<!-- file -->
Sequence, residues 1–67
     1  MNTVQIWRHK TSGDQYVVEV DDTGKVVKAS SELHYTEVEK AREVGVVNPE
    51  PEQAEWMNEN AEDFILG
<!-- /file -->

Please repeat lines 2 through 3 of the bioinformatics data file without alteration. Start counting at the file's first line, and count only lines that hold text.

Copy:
     1  MNTVQIWRHK TSGDQYVVEV DDTGKVVKAS SELHYTEVEK AREVGVVNPE
    51  PEQAEWMNEN AEDFILG